• The local flux has been computed at each point of the interface, and the obtained value is well consistent with previous studies.

  • Analyses show that the first mass transfers were overall higher on grains with the c axis close to the horizontal plane, for both sublimation and deposition, thus confirming the hypothesis of orientation selective metamorphism, even at high density.

  • Fluxes become independent of orientation at longer times for deposition while differences remain for sublimation. We attribute this effect to grain-to-grain interactions, particularly present at that density, preventing further growth of crystals.

Additionally, this study also opens new perspectives. Better accuracy on orientation, particularly at grains boundaries, can be obtained by a proper management of dynamic diffraction that occurs in ice, in the reconstruction process. Additionally, the observation of orientation selective grain growth and sublimation at high density gives confidence in the fact that this phenomenon actually occurs in more general conditions. The present experiment could be repeated in various conditions to characterize this effect in more detail. Finally, such data are necessary for models that describe the snow metamorphism using the crystalline nature of ice.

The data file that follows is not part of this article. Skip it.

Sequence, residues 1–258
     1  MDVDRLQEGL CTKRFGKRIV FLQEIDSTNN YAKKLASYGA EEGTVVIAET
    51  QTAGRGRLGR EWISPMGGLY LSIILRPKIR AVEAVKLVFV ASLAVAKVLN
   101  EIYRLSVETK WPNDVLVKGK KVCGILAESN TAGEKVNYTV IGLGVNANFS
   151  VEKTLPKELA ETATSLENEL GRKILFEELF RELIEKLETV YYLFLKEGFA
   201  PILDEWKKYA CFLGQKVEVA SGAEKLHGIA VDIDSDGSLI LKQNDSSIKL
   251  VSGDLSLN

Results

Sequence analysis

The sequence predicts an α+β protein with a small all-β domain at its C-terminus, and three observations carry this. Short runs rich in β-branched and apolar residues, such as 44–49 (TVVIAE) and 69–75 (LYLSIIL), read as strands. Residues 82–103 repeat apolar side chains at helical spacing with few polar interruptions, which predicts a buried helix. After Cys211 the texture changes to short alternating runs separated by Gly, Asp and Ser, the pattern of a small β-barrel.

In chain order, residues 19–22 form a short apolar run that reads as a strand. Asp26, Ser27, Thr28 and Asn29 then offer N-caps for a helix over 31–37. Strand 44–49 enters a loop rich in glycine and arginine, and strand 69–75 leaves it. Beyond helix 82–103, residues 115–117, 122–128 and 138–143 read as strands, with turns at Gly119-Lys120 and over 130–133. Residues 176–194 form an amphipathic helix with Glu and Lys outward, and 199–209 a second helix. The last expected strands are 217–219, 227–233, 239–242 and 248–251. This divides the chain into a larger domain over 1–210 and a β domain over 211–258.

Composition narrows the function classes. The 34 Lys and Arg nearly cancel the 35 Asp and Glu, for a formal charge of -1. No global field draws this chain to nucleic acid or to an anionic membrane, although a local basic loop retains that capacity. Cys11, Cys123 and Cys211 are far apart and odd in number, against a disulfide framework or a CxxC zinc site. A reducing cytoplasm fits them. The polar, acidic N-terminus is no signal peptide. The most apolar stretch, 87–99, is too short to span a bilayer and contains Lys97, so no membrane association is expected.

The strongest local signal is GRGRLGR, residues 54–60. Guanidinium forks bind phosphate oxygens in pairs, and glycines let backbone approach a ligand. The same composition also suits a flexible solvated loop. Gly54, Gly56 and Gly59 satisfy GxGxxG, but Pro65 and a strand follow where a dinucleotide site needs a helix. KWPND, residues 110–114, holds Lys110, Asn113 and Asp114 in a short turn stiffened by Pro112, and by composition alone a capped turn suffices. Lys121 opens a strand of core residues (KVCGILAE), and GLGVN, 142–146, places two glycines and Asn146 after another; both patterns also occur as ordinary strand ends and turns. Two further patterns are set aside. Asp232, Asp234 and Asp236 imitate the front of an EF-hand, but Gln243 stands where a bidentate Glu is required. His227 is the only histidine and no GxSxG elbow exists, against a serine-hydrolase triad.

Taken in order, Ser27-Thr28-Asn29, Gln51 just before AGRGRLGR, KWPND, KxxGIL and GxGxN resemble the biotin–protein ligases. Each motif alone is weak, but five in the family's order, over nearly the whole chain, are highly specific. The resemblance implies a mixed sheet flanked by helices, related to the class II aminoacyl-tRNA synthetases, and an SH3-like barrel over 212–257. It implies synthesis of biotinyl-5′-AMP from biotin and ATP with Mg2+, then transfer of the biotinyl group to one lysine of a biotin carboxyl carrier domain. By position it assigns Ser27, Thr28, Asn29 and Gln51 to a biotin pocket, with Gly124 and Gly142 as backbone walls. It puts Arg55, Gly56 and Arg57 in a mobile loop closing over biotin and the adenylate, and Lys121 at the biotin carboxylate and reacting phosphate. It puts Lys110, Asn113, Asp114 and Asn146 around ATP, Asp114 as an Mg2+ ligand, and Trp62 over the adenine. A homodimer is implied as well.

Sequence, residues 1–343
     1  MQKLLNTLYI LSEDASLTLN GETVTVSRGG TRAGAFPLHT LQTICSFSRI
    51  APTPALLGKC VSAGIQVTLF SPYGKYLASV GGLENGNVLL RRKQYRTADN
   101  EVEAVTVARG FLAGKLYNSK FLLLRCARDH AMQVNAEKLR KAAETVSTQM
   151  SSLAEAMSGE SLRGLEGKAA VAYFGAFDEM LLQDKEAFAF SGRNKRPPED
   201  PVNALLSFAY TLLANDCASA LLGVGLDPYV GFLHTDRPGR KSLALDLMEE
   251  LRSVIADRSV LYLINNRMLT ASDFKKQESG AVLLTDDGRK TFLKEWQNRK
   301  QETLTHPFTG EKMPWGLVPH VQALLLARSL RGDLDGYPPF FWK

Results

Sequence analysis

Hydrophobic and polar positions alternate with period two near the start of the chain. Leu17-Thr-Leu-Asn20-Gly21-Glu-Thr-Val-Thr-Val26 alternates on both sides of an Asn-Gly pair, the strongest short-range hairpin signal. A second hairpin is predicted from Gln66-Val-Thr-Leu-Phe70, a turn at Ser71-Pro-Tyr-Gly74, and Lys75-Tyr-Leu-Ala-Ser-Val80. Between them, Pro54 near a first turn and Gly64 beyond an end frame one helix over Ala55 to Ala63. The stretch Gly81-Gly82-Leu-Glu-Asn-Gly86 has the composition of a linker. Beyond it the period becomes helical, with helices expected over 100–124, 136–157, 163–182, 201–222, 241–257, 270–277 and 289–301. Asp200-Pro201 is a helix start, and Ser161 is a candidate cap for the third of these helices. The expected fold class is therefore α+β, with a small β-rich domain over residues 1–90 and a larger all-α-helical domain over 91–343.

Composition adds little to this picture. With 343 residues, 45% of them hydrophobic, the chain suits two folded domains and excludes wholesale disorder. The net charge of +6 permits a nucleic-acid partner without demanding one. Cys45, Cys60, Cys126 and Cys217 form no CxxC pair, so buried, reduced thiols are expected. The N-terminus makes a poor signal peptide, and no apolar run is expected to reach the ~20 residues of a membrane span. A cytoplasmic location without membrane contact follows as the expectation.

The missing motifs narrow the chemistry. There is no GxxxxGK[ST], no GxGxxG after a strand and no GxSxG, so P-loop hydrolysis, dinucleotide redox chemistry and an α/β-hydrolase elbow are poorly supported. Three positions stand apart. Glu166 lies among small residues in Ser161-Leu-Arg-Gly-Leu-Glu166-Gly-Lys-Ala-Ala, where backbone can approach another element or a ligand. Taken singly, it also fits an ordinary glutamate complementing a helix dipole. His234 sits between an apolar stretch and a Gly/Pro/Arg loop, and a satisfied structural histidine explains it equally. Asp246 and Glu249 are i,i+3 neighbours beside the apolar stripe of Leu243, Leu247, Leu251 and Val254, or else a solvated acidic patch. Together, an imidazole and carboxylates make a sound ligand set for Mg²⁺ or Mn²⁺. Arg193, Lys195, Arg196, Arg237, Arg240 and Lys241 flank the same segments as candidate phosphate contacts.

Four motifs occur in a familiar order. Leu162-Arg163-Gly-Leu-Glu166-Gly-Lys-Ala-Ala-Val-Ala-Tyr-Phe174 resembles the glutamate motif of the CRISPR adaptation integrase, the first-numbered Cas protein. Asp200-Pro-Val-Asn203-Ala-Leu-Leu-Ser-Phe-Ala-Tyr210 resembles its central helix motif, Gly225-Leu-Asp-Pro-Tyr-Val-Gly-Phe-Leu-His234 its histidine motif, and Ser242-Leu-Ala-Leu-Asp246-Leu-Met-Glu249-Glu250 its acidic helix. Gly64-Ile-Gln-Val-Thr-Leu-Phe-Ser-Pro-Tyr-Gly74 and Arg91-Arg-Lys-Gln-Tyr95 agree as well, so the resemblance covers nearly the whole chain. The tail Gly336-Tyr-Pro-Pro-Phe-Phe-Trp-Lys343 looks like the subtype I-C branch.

Code availability

Codes come from very different sources and are not all available publicly. Please contact the authors for further details.

Data availability

Research data are available on request. Please contact the authors.

Author contributions

RG and FF developed the cryogenic cell. RG, FF, WL and CG carried out the experiment. WL and IH post-processed the DCT volumes. RG, FF and CG analysed the data and wrote the article.

Competing interests

The authors declare that they have no conflict of interest.


Publisher's note: Copernicus Publications remains neutral with regard to jurisdictional claims in published maps and institutional affiliations.


We thank the reviewers, Ian Baker and Henning Löwe, for their insightful comments and suggestions. We are specifically grateful to Sabine Rolland du Roscoat, Fabien Lahoucine, Laurent Pézard, Jacques Roulle, Elodie Boller, Jean-Paul Valade and Paul Tafforeau for their contributions to the setup of the experiment. Thanks are also due to Armelle Philip, Philippe Lapalus, Alexis Burr, Anne Dufour, Isabel Peinke and Pascal Hagenmuller for their participation in the experiment monitoring. Finally, we would like to thank the ID19 beamline of the ESRF, where the images have been acquired.

CNRM/CEN is part of the LabEx OSUG@2020 (Investissements d’Avenir – grant agreement ANR10 LABX56). The 3SR Laboratory is part of the LabEx Tec 21 (Investissements d’Avenir – grant agreement ANR11 269 LABX0030).

Financial support

This research has been supported by the MiMESis-3D ANR project (grant no. ANR-19-CE01-0009).

Review statement

This paper was edited by Jürg Schweizer and reviewed by Ian Baker and Henning Loewe.


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Short summary
In this study on temperature gradient metamorphism in snow, we investigate the hypothesis that there exists a favourable crystal orientation relative to the temperature gradient. We measured crystallographic orientations of the grains and their microstructural evolution during metamorphism using in situ time-lapse diffraction contrast tomography. Faceted crystals appear during the evolution, and we observe higher sublimation–deposition rates for grains with their c axis in the horizontal plane.